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12/8/11 - Students make rebuilding presentations to Smithville officials

The same day the town of Smithville joined together to light 16 Christmas trees honoring those who died in April's deadly tornado, a few residents visited the Mississippi State campus to collect ideas about the town's future.

One of the most powerful tornadoes on record in the United States, the twister whirled away the town's residents, buildings, automobiles, pets, and countless other important fixtures in the north Monroe County community.

But no force from Mother Nature--not even a powerful EF5 category tornado--can erase the sense of community and pride from the 800 townspeople who survived.

On Dec. 2, 27 architecture majors at Mississippi State provided some more help with the recovery. They had spent the fall semester developing community planning and design strategies for rebuilding.

The partnership between MSU's Carl Small Town Center and Smithville culminated with student teams unveiling 11 different projects for a new municipal complex. The project ideas were unveiled during a daylong campus program at Giles Hall, home of the College of Architecture, Art and Design and its School of Architecture. [For more on the center, visit]

Caitlin Wong, a senior from Birmingham, Ala., and two other classmates collectively created a project that could help Smithville incorporate more environmentally friendly and sustainable buildings, and strategically locate them in the best positions for the town.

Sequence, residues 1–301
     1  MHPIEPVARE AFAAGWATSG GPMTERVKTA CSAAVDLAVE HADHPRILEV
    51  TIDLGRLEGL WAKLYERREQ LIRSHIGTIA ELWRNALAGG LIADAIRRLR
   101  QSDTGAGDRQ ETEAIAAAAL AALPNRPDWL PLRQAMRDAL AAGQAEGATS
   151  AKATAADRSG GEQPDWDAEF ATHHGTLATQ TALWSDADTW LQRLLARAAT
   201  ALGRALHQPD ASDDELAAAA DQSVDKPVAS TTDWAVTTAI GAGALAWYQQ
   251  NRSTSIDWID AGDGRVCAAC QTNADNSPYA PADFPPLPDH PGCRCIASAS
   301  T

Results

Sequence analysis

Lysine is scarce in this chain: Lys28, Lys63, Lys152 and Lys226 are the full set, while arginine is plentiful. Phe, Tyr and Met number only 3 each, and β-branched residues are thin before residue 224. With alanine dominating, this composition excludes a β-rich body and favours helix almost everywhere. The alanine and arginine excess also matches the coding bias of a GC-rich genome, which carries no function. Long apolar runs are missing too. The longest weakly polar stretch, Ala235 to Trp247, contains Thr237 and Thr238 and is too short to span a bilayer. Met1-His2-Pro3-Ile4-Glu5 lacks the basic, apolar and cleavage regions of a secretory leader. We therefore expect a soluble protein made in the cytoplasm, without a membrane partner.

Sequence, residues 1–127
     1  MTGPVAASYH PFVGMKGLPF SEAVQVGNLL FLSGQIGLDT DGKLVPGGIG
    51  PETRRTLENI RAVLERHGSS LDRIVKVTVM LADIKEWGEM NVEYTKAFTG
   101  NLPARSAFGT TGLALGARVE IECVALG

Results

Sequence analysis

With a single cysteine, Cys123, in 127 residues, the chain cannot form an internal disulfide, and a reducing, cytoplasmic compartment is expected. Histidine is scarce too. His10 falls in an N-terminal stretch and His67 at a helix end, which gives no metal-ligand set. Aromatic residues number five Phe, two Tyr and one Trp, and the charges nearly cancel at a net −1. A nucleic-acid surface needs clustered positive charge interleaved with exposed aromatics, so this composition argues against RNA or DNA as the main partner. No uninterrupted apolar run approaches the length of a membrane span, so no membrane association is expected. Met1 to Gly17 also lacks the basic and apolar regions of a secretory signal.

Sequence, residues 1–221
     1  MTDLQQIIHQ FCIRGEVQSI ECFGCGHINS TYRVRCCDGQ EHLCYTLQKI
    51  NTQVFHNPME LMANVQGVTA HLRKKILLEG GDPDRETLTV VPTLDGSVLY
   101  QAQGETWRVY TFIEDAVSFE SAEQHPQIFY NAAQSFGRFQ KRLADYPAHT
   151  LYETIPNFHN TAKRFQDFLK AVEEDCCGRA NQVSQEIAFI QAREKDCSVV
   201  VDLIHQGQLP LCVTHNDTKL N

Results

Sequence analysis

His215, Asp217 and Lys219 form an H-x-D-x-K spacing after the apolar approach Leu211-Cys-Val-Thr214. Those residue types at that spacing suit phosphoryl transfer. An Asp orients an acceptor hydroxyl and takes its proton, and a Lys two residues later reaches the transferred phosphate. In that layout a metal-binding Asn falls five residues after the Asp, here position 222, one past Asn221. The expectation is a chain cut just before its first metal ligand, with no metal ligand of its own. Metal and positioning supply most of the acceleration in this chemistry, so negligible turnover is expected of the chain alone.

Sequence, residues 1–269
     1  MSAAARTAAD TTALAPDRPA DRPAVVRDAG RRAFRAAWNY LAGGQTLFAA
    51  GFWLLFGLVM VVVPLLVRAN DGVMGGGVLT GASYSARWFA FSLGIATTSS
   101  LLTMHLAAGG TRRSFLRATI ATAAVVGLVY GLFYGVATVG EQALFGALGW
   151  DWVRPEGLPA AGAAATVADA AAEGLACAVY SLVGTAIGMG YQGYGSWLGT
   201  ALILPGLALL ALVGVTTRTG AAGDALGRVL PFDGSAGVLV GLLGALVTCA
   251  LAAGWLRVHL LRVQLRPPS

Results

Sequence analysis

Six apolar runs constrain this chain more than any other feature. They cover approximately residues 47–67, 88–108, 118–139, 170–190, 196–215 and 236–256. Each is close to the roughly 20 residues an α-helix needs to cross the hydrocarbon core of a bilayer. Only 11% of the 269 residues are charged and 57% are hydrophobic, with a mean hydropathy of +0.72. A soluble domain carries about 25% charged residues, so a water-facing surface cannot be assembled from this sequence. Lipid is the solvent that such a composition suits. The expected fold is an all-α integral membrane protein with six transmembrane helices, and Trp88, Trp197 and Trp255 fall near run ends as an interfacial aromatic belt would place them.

The storm's aftermath that Wong witnessed during visits to the area had a personal connection for her. A close friend of Wong's from Tuscaloosa lost his home from another massive tornado that struck the same spring day as the one in Northeast Mississippi.

Unlike other class projects, Wong said she felt a strong connection, almost an overwhelming draw, to this assignment that could help residents write the next chapter in their town's history.

"They have lots of hope there," Wong observed.

While they know the community will never be the same as it was before the tornado struck, many residents have used the phrase "a modern Mayberry" when describing their town's ideal future.

As members of a municipal infrastructure committee listened to student design projects, they could see pieces of what they want to become reality. While progress is moving slower than they'd like, community leaders said they plan to incorporate parts of these projects in the upcoming comprehensive plan and in rebuilding of public facilities.

Michelle Bond, a fifth generation Smithville resident and disaster recovery manager for the town, said seeing the students' varied ideas help her and others consider possibilities.

"They certainly broaden your mind," Bond added.

Some of those ideas include paying more attention to sidewalks and bike paths, along with drawing a closer connection between the community and the Tennessee-Tombigbee Waterway that flows along the town's west side.

John Poros, Carl Small Town Center director, said the collaboration epitomized the mission of the university center. While rooted in an unfortunate disaster, he said it also offers a chance for the community to rediscover resources it has.

"We see in this an opportunity for a small town to rethink who they are in the 21st century," Poros said. "It can allow them to enhance and re-think their identity."

So, as residents continue to wish that the rebuilding process were moving faster, they now have more of an idea of what the future may hold.

Robbie S. Ward | University Relations

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